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Dreams: A Royal Road to Knowing Thyself

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The interpretation of dreams is the royal road to a knowledge of the unconscious activities of the mind. -Sigmund Freud

We’ve all skidded by on our good looks and charm long enough. In this New Year, it’s time we use more of ourselves, not just to help ourselves and the world, but to know ourselves. That is, after all, why we're all here.

I contend that the subconscious mind is our most highly underutilized tool. We know our conscious mind all too well; it’s always chattering. The conscious mind is the analytical, logical, willful, judgmental, discerning part of ourselves. Necessary, but not who we are.

There is a “hidden” part, the subconscious mind, that holds deeper truths and vast untapped potential. And I don’t mean potential in acquiring things like in The Secret-type stuff. (Aren’t we beyond all that ego-driven “get, get, get” “me, me, me” mentally? That’s all just child’s play that keeps us stuck in the illusions of this world.) I mean, using this hidden part of ourselves that we know very little about to come to realize our true potential.

In short, the subconscious mind is the picture mind and feeling mind because it’s the storehouse of all of our memories—from this life, past-lives, even natal (womb memory)—and it’s the feeling mind because it is the seat of our emotions. It's also a wellspring of creativity, and a link to other states of consciousness and awareness. Through the subconscious we can even access the Divine, amongst other things.

If we use the perennial iceberg metaphor, the conscious mind is the small visible tip of the iceberg above the water's surface while the mass and strength and power and driving force of the iceberg floats below the water's surface. This is our subconscious. We can’t glimpse it with our conscious mind. We need a different type of vision.

Accessing this deeper part of ourselves requires going under the water’s surface. Two ways of diving into those bottomless waters and exploring the subconscious are hypnosis and dreaming. Both are natural states of mind that we experience within any given 24-hour period—one during the day, the other at night.

The hypnotic state is an altered state (as opposed to our usual conscious state) of awareness whereby we have bypassed the conscious mind. Watching television, daydreaming, driving on the freeway, being in the “zone” while playing a sport or painting or writing can put us into this state by collapsing, so to speak, the analytical mind, giving way to the subconscious. We’re no longer thinking critically, rather we are allowing, responding, receiving or creating from a stream of consciousness.

We also bypass the conscious mind through nighttime dreaming. Although both hypnosis and dreaming are natural states of mind that we don’t consciously conjure up, they can be honed and utilized as tools for self-realization, or to just help us find a misplaced sentimental necklace. The possibilities are endless.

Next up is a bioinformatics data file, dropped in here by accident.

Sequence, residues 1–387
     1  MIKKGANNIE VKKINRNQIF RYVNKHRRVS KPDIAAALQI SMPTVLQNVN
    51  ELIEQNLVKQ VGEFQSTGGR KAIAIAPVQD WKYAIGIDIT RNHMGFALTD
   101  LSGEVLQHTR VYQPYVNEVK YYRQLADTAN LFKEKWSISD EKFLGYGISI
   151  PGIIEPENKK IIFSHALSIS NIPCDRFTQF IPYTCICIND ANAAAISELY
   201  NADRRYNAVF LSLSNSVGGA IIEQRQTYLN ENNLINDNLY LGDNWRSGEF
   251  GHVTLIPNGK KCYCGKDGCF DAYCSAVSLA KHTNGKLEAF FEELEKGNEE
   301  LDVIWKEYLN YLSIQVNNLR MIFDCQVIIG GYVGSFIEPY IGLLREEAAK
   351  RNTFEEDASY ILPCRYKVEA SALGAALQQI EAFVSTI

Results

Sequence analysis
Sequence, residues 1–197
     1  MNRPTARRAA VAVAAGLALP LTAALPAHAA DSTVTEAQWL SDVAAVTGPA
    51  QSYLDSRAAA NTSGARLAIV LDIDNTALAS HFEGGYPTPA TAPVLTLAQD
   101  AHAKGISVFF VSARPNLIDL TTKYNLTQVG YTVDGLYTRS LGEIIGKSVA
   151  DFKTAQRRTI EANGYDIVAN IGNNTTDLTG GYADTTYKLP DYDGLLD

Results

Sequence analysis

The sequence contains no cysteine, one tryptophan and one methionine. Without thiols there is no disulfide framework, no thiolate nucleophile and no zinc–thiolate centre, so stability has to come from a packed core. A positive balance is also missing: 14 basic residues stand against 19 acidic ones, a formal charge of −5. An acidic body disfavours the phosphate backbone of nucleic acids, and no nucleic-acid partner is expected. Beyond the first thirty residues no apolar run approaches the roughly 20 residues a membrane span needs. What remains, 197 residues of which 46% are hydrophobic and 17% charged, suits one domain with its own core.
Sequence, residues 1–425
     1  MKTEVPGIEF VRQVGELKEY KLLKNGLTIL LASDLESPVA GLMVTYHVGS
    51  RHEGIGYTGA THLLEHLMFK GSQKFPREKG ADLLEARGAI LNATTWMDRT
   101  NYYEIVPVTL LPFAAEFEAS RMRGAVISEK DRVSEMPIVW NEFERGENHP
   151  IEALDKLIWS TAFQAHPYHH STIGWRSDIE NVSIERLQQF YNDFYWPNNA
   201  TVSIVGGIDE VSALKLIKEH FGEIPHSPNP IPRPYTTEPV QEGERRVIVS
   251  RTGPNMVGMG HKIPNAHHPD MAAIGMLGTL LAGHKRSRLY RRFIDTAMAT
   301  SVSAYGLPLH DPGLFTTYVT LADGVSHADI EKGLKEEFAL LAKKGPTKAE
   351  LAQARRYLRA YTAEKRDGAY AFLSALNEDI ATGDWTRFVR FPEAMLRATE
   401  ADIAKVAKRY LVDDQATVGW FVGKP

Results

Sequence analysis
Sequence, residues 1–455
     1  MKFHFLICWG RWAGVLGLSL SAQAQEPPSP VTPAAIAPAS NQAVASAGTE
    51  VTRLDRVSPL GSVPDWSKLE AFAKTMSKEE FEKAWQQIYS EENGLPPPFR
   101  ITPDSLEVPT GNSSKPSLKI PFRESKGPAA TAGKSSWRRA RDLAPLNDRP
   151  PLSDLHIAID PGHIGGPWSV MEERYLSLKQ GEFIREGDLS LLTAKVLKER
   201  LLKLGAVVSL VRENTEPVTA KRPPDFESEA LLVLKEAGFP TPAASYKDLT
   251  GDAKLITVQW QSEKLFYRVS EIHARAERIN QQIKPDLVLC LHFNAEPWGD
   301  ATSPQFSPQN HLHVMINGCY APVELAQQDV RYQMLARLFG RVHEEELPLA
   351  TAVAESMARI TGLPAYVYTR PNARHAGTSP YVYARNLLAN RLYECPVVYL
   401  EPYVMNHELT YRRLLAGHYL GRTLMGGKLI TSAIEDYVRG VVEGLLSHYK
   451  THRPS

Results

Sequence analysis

Neither state needs to be taught, each needs to be cultivated. Today we will focus on accessing our subconscious through dreams. In a later post, we'll talk about doing it through self-hypnosis.

We all dream, we just don’t remember our dreams, at least not all the time. But that’s only because we don’t care to remember them. If we wanted to remember our dreams, we would. (On a side note, I have noticed in my practice that clients who smoke cigarettes or pot have a much more difficult time accessing their dreams.)

I encourage you to want to remember your dreams. Within your dreaming mind are messages, ideas, potentiality, dimensions of reality, creativity, connection with others, teachers, those that have lived before, time and space travel, your Higher Self, and the location of your lost necklace.

Don’t take my word for it, here is what

Seth

says about dreams:

When I speak of the dream world, I am not referring to some imaginary realm, but to the kind of world of ideas, of thoughts, of mental actions, out of which all form as you think it emerges. In actuality, this is an inner universe rather than an inner world. Your physical reality is but one materialization of that inner organization. All possible civilizations exist first in that realm of the inner mind.

And I like what

Edgar Cayce

says:

Man approaches the more intimate conditions of that field of the inner self when the conscious self is at rest in sleep or slumber, at which time more of the inner forces are taken into consideration and studied by the individual.... It is each individual's job...to understand his individual condition, his individual position in relation to others, his individual manifestation, through his individual receiving of messages from the higher forces themselves, thus, through dreams.